Homers, bad breaks bite Dylan Bundy as Orioles fall to Twins, 4-1, are swept out of Minnesota

Part of Dylan Bundy’s mediocre pitching line in Sunday’s series finale against the Minnesota Twins stemmed from an issue that has hampered he and the Orioles throughout the season’s first month. Another outside his control negated what otherwise would’ve been a solid outing.

Bundy allowed four runs in five innings while striking out eight as the Twins swept the Orioles with a 4-1 victory at Target Field, their 12th straight win over Baltimore. Max Kepler continued the theme of the series and the Orioles’ season by sending Bundy’s first pitch, an 89.3 mph fastball, out to left field for a leadoff home run, the 70th surrendered by Baltimore pitchers in 2019. The solo shot followed a highlight video on the Target Field screen that showed many of the 21 home runs the Twins hit against the Orioles in the first five games of their season series.

By homering on Bundy’s 90.8 mph fastball to open the third inning, Byron Buxton gave the Twins 23 home runs against the Orioles, their most in a season against Baltimore. The Twins’ 12 home runs over the weekend marked the most in a three-game series in franchise history, surpassing the 11 they hit against the Orioles last week at Camden Yards.

“They don’t miss pitches over the plate that they’re looking for,” Bundy said. “Center cut fastballs, they don’t miss those very often.”

Kepler followed Buxton’s home run with a soft fly ball to left field, where it fell in front of Dwight Smith Jr. With an 85.4 mph exit velocity and 38-degree launch angle, such balls have a 1 percent chance of being a hit, per Statcast data.

Bundy retired the next two batters before issuing consecutive walks, loading the bases for Marwin Gonzalez. Gonzalez popped up Bundy’s 2-1 fastball into center field, seemingly positioning Bundy to escape, but the ball fell between Smith and center fielder Joey Rickard, who were both playing deep, for a two-run single. The hit had an expected batting average of .020, per Statcast data.

“It was just one of those that was up in the air for a while and our outfielders play deep,” manager Brandon Hyde said. “You know, sometimes you take hits away and sometimes balls fall in front. That was just one where it was in a perfect spot where there were two outfielders playing deep and [shortstop] Richie [Martin] couldn’t get back there enough. Just one of those in a bad spot.”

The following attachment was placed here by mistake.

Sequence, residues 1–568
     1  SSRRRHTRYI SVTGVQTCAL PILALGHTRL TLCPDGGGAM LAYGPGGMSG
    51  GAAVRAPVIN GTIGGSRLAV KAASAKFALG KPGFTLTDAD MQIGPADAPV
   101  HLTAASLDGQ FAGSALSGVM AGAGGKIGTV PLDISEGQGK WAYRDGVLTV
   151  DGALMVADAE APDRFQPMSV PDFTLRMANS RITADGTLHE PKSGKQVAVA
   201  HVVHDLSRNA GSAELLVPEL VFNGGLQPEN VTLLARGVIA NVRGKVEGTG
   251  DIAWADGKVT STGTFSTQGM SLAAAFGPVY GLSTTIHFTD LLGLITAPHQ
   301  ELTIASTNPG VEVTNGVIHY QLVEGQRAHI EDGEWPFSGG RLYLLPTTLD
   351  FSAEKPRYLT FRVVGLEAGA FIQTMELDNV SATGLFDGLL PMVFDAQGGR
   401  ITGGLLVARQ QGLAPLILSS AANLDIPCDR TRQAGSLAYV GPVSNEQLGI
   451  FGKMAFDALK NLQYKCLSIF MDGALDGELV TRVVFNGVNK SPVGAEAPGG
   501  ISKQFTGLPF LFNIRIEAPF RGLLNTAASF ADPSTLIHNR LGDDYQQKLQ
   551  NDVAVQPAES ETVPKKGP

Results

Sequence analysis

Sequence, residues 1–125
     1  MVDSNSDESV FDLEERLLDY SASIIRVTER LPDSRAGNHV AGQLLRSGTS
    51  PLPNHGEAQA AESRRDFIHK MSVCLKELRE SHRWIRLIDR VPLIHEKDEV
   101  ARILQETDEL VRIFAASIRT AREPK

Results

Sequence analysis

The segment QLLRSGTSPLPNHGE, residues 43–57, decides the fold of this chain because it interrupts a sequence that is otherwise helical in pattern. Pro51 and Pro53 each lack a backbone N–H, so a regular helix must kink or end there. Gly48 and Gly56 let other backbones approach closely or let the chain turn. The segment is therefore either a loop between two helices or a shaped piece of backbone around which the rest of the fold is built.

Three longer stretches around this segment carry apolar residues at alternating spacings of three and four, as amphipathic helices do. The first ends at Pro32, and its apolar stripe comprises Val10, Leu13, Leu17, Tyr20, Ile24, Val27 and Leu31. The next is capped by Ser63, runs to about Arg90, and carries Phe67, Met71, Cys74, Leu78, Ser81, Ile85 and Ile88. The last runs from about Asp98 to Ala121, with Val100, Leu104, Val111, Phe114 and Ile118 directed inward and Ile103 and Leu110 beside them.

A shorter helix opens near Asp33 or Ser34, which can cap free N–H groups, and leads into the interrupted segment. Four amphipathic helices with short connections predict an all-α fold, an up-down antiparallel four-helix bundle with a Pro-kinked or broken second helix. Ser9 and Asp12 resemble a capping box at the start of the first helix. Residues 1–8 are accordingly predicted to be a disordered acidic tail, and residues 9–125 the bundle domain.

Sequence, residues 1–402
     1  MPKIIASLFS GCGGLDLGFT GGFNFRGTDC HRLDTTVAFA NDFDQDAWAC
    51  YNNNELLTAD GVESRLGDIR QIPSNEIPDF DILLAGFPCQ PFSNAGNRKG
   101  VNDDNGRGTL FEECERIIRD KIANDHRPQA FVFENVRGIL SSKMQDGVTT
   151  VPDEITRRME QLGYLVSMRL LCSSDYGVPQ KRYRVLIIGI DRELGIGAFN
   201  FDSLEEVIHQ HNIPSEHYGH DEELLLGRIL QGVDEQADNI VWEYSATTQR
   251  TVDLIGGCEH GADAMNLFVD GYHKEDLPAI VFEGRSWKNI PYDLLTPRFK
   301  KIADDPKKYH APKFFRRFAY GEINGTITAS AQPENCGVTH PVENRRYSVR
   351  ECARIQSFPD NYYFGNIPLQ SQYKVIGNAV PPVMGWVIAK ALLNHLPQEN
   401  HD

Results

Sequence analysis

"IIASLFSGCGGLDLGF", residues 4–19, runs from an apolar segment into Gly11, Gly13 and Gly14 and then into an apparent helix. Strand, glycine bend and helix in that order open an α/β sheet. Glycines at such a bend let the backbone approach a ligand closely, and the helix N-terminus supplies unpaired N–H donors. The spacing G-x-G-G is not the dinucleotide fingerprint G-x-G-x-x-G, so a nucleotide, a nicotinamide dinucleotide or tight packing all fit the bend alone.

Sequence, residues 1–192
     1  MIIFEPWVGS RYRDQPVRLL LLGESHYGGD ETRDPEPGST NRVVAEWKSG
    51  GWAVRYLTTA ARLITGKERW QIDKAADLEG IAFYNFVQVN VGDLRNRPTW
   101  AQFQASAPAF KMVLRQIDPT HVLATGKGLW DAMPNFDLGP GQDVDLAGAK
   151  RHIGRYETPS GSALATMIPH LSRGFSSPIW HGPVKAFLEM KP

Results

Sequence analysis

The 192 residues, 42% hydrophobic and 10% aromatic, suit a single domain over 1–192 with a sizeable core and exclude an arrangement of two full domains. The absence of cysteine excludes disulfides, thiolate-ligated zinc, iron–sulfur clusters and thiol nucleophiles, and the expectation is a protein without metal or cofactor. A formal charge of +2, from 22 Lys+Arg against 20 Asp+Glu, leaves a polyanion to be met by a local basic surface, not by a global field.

Bundy said afterward he wasn’t pleased with the pitch.

“I’m not happy at all,” he said. “They scored two more runs. Sometimes it doesn’t matter if you execute your pitch, they can still get a hit.”

Bundy finished the inning with a three-pitch strikeout of Mitch Garver, starting a run of five strikeouts in eight batters as he completed his outing with a season-high 19 swinging strikes. He has pitched at least five innings in four straight starts.

“He kind of got stronger as the game went on,” Hyde said. “I feel like he pitches good when he gets a little bit irritated and a little bit upset. And I feel like all the sudden you start seeing some 93s [mph]. I like that about him in that I feel like his stuff ticks in when he gets into tougher situations. I’m happy with the way he battled for five innings.”

Davis homers to end shutout

Twins right-hander Kyle Gibson cruised through 6 2/3 two-hit innings before his 79.8 mph curveball ran into Chris Davis’ barrel in the seventh.

Davis’ solo shot to right-center field ended the shutout and came off his bat at 102.9 mph, going a projected 392 feet, per Statcast data. The home run marked his third since ending his major league-record hitless streak, with each coming on a different type of pitch.

“All that stuff that was going on around him the first couple of weeks, I just feel like he’s getting a little more comfortable,” Hyde said.

In 10 games since recording his first hit of 2019, Davis is slashing .323/.364/.710.

“I feel like I'm putting good at-bats together, but it's not a one-man show,” Davis said. “We've gotta score more runs than the other team and do a better job as an offense of trying to get ourselves back in the game no matter what's going on on the other side of the ball."

Slipping start

Jonathan Villar began the game with a double off Gibson, but he could’ve had a triple if he hadn’t slipped between second and third. He managed to make it back to second safely, but the fall likely cost the Orioles a run.

Stevie Wilkerson, batting second and playing right field with Trey Mancini out of the lineup with a bruised finger suffered Saturday, hit a hard grounder to shortstop, a ball that likely would’ve brought home Villar had he been on third and the infield had been playing back. Smith then smoked a lineout to right field that certainly would’ve been deep enough for a sacrifice fly. Instead, Renato Núñez struck out to end the inning with Villar still at third.

After starting the season with a 7.36 ERA in three starts, Gibson’s seven innings of one-run ball gave him a 2.08 ERA in his past two starts, both against the Orioles.

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